Below is the pounds formula expressed in a mechanical wheel. The mechanical wheel can be used to solve a chemical dosage problem by plugging in the given information and then multiplying or dividing as indicated to determine the solution. For example, a treatment plant will produce 2 MG a day. The chlorine dose is 3.0 mg/L. How many pounds of chlorine will the operator use?
Feed Rate = 3.0 × 2 × 8.34
Feed Rate = 50 lbs/day
It is important to note that when using the pounds formula, the water production is always expressed in MGD. For example, a problem may ask what the chlorine production is for a water treatment plant that produces 1,000,000 gallons a day. This is the easiest expression because 1,000,000 ÷ 1,000,000 = 1.
EX: A water treatment operator must super chlorinate a 650,000-gallon tank at 50 ppm. How much chlorine must the operator add?
50 × .65 × 8.34 = 271 pounds
* You must divide 650,000 by one million to get .65 to solve the equation. Round to the nearest tenth or hundredth place to get the most accurate answer. Remember you must show all work during exams to get credit but the format is still multiple choice so be careful when rounding.
Practice Pounds Formula Problems
The dry alum dosage rate is 15 mg/L. The daily flow rate of a treatment plant is 5 MG. How many pounds of dry alum per day is required?
Feed Rate= 15 mg/L × 5 MGD × 8.34 lbs/gal
Feed Rate = 625.5 lbs/Day
* This sample problem is pretty simple. Plug the numbers into the equation and multiply to get your answer.
A treatment plant uses 300 lbs of alum a day. The plant output is 2,500,000 gallons a day. What is the dose?
Step 1: 2,500,000 ÷ 1,000,000 = 2.5 MGD
Dose = 300 lbs/day/(2.5 × 8.34)
Dose = 250/20.85
Dose = 12 mg/L
How many pounds of 65% available chlorine must an operator add to a treatment plant with a dose of 3.0 mg/L and a plant output of 5 MGD?
* Start the equation as you normally would. Since you are adding a solution of chlorine that is not 100 percent an extra step is needed to solve the problem. Remember, if the chlorine solution is not 100 percent available chlorine you are going to need more to dose properly!
Feed Rate = 3.0 × 5 × 8.34 = 125 lbs/day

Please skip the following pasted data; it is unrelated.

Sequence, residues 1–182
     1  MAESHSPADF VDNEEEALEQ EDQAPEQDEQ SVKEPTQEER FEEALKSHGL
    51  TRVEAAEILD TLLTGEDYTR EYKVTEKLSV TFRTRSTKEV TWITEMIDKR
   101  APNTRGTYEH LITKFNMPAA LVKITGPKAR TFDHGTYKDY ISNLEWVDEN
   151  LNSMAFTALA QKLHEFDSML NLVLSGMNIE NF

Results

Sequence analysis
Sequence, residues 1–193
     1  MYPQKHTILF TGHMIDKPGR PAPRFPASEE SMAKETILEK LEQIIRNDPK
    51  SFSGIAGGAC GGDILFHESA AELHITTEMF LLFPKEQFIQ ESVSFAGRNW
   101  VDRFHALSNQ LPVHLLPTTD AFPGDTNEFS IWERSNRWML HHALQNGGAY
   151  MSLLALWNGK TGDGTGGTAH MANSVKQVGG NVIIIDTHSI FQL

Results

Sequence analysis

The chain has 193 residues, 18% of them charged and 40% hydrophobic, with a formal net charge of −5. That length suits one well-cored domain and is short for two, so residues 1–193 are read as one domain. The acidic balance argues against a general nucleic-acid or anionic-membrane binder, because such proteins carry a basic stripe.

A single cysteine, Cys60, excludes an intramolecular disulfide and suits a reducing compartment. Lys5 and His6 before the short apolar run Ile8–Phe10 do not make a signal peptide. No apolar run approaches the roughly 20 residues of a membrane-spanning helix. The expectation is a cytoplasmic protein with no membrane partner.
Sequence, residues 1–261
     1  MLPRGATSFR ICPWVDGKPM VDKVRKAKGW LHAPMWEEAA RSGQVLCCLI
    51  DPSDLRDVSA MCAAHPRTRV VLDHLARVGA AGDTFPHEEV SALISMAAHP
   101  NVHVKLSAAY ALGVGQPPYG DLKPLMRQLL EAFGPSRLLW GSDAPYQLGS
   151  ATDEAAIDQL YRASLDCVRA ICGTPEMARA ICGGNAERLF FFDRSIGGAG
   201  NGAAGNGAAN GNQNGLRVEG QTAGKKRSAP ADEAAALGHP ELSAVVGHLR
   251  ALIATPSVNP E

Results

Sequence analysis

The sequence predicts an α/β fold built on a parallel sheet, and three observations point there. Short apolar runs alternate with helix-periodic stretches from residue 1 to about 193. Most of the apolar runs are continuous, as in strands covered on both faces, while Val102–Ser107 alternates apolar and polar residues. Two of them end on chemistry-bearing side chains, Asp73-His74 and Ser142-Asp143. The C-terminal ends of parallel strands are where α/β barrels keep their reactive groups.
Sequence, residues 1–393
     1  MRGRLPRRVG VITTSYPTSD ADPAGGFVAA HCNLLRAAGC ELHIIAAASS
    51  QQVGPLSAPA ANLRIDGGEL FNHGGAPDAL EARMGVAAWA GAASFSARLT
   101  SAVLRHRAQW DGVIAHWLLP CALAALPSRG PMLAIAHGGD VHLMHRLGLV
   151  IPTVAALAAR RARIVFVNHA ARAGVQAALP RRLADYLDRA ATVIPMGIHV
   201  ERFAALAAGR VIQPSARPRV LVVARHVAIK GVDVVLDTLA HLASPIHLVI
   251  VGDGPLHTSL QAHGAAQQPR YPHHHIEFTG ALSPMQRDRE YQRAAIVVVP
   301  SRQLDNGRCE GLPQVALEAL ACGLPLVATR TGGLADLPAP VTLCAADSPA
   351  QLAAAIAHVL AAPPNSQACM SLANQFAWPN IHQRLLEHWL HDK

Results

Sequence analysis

Next, you will need to make an adjustment based on chlorine strength.
(.65)(x lbs/day) = 125 lbs/day
x = 125.65
x = 192 lbs/Day
Note: If the number is smaller than the original number, you multiplied instead of dividing. You will always need more chemical if it’s not 100% strength.
A water tank that is 30 ft high and 100 f in diameter must be dosed at 50 ppm for disinfection. How many pounds of 65% calcium hypochlorite must be added to dose the tank?
0.785 × 100ft × 100ft × 30ft × 7.48 Gal/ft3 = 1,761,540 gallons
1,761,540 gallons/1,000,000 = 1.76MGD
Feed Rate = 50 × 1.76 × 8.34 = 733.92 pounds/day
(.65)(x) = 734
x = 734/.65
x = 1129 lbs
- The optimal coagulant dose is determined by a ___________.
- Chlorine test
- Flocculation test
- Jar test
- Coagulation test
- The most common primary coagulant is ___________.
- Cationic polymer
- Anionic polymer
- Bacteria and viruses belong to a particle size known as ___________.
- The purpose of coagulation is to ___________.
- Increase filter run times
- Increase sludge
- Increase particle size
- Destabilize colloidal particles
- The purpose of flocculation is to ___________.
- Destabilize colloidal particles
- Increase particle size
- Decrease sludge
- Decrease filter run times
- Primary coagulant aids used in the treatment process are ___________.
- Poly-aluminum chloride
- Aluminum sulfate
- Ferric chloride
- All of the above
- Flocculation is used to enhance ___________.
- Number of particle collisions to increase floc
- Charge neutralization
- Dispersion of chemicals in water
- Settling speed of floc
- If there is a problem with floc formation, what would you consider changing?
- Adjust coagulant dose
- Stay the course
- Adjust mixing intensity
- Both 1 and 3
- Which step in the treatment process is the shortest?
- To lower the pH for enhanced coagulation the operator will add ___________.
- Sulfuric acid
- Caustic soda
- The flocculation process lasts how long?
- 5-10 minutes
- 15-45 minutes
- Over an hour
- The function of a flocculation basin is to ___________.
- Settle colloidal particles
- Destabilize colloidal particles
- Mix chemicals
- Allow suspended particles to grow
- A treatment plant has a maximum output of 30 MGD and doses ferric chloride at 75 mg/L. How many pounds of Ferric Chloride does the plant use in a day?
- A treatment plant uses 750 pounds of alum a day as it treats 15 MGD. What was the dose rate?
- 4 mg/L
- 5 mg/L
- 6 mg/L
- 7 mg/L
- A treatment plant operates at 1,500 gallons a minute and uses 500 pounds of alum a day. What is the alum dose?
- 18 mg/L
- 28 mg/L
- 8 mg/L
- 38 mg/L